Getting Started With The Wacom Feel™ Multi-Touch API
What do I need to start developing software for the Wacom Feel™ Multi-Touch API?
You will need a Wacom tablet with support for touch input. Also, you will need to install the Wacom Tablet Driver, which includes the Wacom Feel™ Multi-Touch software library. There are some code files which will need to be included alongside your source code, the details of which can be found in Basic Programming Model.
What do I need to use Wacom Feel™ Multi-Touch APIs? Do I need to include any SDK or library with my own project?
The Wacom Feel™ Multi-Touch API support is a part of the Wacom Tablet Driver software itself. Driver installation supplies all necessary system components to communicate with the tablets via the API. When you build your app using SDK-supplied headers, you can dynamically link to the installed Wacom libraries. No .LIB files are required. See Multi-Touch Windows .NET and the Multi-Touch Windows C++ sample code demos.
Does the Wacom Feel™ Multi-Touch API work for all Wacom tablets?
No, you will need a Wacom tablet with support for touch input.
Where can I find Wacom Feel™ Multi-Touch API sample applications?
Sample code can by found here: Multi-Touch Windows .NET and Multi-Touch Windows C++.
How can I download the SDK for the Feel™ Multi-Touch API?
The runtime dependencies for the Feel™ Multi-Touch API are provided via the Wacom Tablet Driver; it is always installed when the end-user installs the tablet driver on their system. The compile time dependencies are detailed in Basic Programming Model.
What kind of touch data can I get from the tablet via the Wacom Feel™ Multi-Touch API?
The API-supported multi-touch tablets will report at least the following for each finger:
Finger state (none, up, down, hold)
Finger touch location (x, y)
Finger size (width and height)
For supported tablets, additional data types are supported:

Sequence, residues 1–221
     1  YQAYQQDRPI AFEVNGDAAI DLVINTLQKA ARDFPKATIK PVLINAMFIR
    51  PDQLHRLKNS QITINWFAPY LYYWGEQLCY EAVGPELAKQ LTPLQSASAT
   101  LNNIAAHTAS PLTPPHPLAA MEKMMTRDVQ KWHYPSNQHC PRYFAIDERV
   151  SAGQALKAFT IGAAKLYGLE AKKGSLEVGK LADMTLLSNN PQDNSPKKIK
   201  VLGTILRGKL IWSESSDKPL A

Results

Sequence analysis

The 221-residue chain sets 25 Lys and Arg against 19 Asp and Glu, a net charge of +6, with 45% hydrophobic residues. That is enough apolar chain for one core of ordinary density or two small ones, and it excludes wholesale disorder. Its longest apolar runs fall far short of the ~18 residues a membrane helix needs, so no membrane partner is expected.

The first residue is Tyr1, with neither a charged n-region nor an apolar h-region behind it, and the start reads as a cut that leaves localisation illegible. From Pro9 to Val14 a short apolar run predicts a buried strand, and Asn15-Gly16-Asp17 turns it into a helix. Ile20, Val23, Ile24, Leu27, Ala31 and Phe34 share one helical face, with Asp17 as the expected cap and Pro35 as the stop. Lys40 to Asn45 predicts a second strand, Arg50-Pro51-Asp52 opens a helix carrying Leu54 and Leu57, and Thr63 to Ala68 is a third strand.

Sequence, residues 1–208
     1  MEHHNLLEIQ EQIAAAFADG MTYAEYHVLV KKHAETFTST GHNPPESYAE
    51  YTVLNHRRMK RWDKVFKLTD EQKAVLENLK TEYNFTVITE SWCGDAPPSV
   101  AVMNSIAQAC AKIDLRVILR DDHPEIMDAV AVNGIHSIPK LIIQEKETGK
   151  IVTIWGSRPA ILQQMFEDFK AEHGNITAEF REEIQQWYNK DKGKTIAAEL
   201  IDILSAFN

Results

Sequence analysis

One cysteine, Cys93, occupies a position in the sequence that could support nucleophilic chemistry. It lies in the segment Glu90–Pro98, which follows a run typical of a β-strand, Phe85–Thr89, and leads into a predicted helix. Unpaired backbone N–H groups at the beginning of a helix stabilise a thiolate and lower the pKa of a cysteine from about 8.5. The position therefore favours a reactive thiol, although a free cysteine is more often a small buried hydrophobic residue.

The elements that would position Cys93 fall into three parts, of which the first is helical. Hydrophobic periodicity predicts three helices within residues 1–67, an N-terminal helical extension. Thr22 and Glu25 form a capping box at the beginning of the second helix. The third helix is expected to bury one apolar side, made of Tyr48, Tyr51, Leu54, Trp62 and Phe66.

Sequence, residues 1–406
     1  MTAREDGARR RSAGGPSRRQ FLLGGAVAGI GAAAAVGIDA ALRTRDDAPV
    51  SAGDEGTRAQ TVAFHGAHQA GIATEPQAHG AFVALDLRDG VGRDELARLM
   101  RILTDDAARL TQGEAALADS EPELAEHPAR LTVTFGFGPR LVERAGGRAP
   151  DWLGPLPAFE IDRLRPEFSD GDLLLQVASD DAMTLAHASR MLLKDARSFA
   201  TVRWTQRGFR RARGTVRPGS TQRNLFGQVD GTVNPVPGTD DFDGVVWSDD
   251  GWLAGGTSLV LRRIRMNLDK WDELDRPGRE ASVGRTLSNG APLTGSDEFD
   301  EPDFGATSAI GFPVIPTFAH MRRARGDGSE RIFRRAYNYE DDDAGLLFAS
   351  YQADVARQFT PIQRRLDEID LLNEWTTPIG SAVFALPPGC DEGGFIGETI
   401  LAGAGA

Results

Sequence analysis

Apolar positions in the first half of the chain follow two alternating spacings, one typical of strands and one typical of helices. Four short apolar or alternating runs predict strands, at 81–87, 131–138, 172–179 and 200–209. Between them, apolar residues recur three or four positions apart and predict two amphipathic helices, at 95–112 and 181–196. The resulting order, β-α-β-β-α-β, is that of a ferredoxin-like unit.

Blob data – irregular shaped regions where one or more touch contacts were detected
Raw data – all data for the sensor, which includes areas of non-contact along with contact areas
See the Wacom Feel™ Multi-Touch API Reference page for a full review of capabilities.
What is the difference between the Windows touch API and Wacom Feel™ Multi-Touch API?
The Wacom Feel™ Multi-Touch API adds support for other operating systems supported by the Wacom Tablet Driver, including on Mac. It also allows the application to design touch features that work simultaneously with the a tablet stylus. It provides a standardized interface for cross-platform development.
Can I use the Wacom Feel™ Multi-Touch API to design touch functionality or gestures for my Windows Store application?
No, Windows Store applications have restricted access and cannot link to our library. For Windows Store applications, use Windows Pointer Events (see: https://docs.microsoft.com/windows/uwp/design/input/).
Can I use the Wacom Feel™ Multi-Touch API to design touch functionality or gestures for web applications?
No, we do not offer browser support for the Wacom Feel™ Multi-Touch API. See the Web API FAQs page.
Understanding Multi-Touch Data